Cuenca – The Perfect Goodbye to South America

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Cuenca, Ecuador, was a city that I had heard much about, but never made it around to on my first time through Ecuador, mostly due to the fact that I fell in love with Montañita and ended up spending all my time there! So on my second time through the country, I made sure this city was a priority. Hailed as the most beautiful colonial city in the country, it’s easy to understand why. The cobble stone streets, the old baroque buildings and stunning churches; the city has the feeling it’s been trapped in time. You can detect a Parisian influence here as well with some of the charming architecture. Wire moulded flower pots hold vibrant red flowers spilling over them, as the pots cling to the sides of buildings on narrow streets. The strong smell of aromatic Ecuadorian coffee fills the streets, and vendors hawk their snacks on street corners.

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I had planned to take these next three days here to merely wander the streets and get some serious work done on my blog. After having my computer stolen, I was months behind on my posts and needed to really hole myself up and get caught up. I wandered the pretty streets to get a feel for this charming city, and then headed back to the hostel to get to work on the blog. A nice Danish fellow invited me out to join him for dinner that night, but I politely declined as I was immersed with my writing. The next morning I went down for breakfast, and ended up striking up conversation with the two guys at the table next to me. Their friend joined them, and soon I found myself engaging in a long conversation about Montañita, their next destination. I scolded myself for being so friendly – my purpose here was to hole up, talk to no one, and write furiously. No socializing allowed! Of course, this is awfully difficult for me. Later that day, the three of them invited me out to the hot springs in the evening. I couldn’t decline and off we went. It was quite the posh place, and the $12 price tag was steep, by Ecuadorian standards, but the place was of 5 star calibre. We enjoyed the mildly warm water, only wishing it was hotter. But the eucalyptus sauna and piping hot showers made up for the lukewarm thermal waters and we savoured the heat in the otherwise cool mountain town.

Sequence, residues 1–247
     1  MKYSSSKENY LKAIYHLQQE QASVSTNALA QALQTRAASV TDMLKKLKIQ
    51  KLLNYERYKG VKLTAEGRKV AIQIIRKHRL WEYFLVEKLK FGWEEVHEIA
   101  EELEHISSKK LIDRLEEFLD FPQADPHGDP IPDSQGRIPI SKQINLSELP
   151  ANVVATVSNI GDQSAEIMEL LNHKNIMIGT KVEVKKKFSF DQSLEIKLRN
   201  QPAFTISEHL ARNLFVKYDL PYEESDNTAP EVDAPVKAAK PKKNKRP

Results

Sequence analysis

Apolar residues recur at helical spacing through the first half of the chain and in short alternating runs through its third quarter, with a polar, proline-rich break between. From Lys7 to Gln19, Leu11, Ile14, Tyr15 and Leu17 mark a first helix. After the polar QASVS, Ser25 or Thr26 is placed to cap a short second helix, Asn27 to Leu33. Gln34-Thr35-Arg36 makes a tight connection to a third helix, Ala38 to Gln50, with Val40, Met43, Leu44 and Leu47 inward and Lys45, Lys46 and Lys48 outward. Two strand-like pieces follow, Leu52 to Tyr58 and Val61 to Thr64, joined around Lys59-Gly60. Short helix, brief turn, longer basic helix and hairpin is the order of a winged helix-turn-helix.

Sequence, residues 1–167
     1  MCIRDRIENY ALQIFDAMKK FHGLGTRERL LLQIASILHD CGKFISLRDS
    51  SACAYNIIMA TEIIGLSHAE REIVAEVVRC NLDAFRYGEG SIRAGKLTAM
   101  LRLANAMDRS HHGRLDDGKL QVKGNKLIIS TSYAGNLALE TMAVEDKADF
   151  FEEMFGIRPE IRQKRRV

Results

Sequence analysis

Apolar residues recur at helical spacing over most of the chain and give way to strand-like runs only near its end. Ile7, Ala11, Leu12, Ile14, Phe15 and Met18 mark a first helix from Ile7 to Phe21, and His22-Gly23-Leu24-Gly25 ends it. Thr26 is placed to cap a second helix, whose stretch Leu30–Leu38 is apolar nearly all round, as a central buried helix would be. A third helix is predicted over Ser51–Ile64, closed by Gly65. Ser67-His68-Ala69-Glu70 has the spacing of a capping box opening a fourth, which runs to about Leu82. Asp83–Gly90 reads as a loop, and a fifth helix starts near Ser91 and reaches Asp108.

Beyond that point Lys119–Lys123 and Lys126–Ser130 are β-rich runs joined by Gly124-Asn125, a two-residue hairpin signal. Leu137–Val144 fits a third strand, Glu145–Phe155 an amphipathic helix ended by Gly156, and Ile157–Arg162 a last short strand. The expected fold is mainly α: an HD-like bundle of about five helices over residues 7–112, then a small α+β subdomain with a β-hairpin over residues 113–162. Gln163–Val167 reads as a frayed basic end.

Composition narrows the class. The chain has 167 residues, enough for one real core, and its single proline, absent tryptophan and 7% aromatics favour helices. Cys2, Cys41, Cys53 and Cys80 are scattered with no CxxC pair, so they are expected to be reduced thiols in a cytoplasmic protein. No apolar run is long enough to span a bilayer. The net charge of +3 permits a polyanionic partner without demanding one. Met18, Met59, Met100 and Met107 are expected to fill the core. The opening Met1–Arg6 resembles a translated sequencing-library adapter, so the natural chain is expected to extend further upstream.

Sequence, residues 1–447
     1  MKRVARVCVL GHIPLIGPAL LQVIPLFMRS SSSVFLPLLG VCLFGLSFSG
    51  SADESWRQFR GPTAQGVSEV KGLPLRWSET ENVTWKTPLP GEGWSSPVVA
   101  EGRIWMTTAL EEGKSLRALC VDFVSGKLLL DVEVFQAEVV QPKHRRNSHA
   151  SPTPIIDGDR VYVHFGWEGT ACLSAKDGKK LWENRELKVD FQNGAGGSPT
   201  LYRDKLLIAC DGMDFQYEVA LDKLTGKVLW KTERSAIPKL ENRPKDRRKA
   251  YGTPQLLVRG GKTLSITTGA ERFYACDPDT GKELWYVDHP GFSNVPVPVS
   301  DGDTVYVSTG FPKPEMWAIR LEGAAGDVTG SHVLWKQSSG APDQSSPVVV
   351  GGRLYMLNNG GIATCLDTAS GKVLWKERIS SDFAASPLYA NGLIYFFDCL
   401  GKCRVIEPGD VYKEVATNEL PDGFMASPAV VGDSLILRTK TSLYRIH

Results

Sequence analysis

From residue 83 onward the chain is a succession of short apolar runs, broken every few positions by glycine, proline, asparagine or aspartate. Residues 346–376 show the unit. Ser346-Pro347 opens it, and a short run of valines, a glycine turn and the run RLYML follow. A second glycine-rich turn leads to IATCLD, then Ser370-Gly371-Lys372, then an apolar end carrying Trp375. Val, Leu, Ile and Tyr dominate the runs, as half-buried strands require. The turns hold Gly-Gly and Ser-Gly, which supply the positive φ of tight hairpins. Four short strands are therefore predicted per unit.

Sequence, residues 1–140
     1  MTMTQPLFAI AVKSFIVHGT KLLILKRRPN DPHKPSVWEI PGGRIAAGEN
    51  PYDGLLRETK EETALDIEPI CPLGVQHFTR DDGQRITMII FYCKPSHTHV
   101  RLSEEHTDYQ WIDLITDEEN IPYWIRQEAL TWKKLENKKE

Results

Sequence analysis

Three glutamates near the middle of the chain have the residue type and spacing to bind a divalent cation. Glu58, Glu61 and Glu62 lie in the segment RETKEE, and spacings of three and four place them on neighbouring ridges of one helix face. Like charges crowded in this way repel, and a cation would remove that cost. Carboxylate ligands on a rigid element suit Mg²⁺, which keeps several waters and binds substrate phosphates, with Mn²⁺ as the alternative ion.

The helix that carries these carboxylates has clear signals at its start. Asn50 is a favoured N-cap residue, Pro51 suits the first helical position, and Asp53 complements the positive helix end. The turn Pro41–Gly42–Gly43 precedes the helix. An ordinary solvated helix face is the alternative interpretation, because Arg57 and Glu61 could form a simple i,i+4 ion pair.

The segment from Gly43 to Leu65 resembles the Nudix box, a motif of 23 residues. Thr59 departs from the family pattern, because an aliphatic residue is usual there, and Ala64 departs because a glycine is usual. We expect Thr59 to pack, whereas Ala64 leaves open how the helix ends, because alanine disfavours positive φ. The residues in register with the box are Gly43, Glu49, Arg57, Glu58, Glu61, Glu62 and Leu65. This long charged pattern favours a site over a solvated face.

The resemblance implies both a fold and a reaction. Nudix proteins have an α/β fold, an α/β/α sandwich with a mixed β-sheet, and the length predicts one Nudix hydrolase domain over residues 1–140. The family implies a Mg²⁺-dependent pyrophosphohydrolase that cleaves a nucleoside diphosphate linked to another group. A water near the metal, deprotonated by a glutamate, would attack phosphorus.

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We made plans the next morning to head out to Parque Nacional Cajas and do some hiking. Cuenca is already at a fairly high altitude, but we cruised even higher to about 4000 meters, our ears plugging up the whole bus ride to the top.  We lucked out and had spectacular weather; crisp cool air, no wind and bright sunshine the whole day. We chose an easy route about 7km, or around 3 hours. Paul had just recently got over a terrible bout of altitude sickness, and neither Kristi nor I were feeling up to a gruelling hike. Although Chris was up for anything, he tagged along with us slow pokes. The hike was simply stunning. Ecuador never ceases to amaze me with its ever versatile landscapes.

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The place felt like we had it to ourselves as we hardly passed any other hikers; it was just us and nature at her finest. We hiked up the hillsides, around lakes, through strange, red, twisted, enchanted forests, down valleys, alongside riverbeds and eventually reached the end of our beautiful hike only to be greeted by a group of grazing llamas – the perfect end to a perfect day. Luckily the great weather had held out for us and we chatted along side the road, snacking, waiting for our bus. We met up with a fellow hiker we saw at the start, Josu from Chile, while waiting. Two buses bolted past us, claiming they we were full.